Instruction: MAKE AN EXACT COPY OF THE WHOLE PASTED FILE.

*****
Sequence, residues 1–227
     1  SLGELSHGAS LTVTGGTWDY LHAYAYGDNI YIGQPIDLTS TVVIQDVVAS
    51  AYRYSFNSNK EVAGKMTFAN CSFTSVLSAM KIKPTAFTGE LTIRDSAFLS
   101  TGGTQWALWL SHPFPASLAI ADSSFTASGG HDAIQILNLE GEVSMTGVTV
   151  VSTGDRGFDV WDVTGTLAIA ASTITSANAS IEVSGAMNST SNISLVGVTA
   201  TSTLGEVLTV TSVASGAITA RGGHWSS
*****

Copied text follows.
Sequence, residues 1–227
     1  SLGELSHGAS LTVTGGTWDY LHAYAYGDNI YIGQPIDLTS TVVIQDVVAS
    51  AYRYSFNSNK EVAGKMTFAN CSFTSVLSAM KIKPTAFTGE LTIRDSAFLS
   101  TGGTQWALWL SHPFPASLAI ADSSFTASGG HDAIQILNLE GEVSMTGVTV
   151  VSTGDRGFDV WDVTGTLAIA ASTITSANAS IEVSGAMNST SNISLVGVTA
   201  TSTLGEVLTV TSVASGAITA RGGHWSS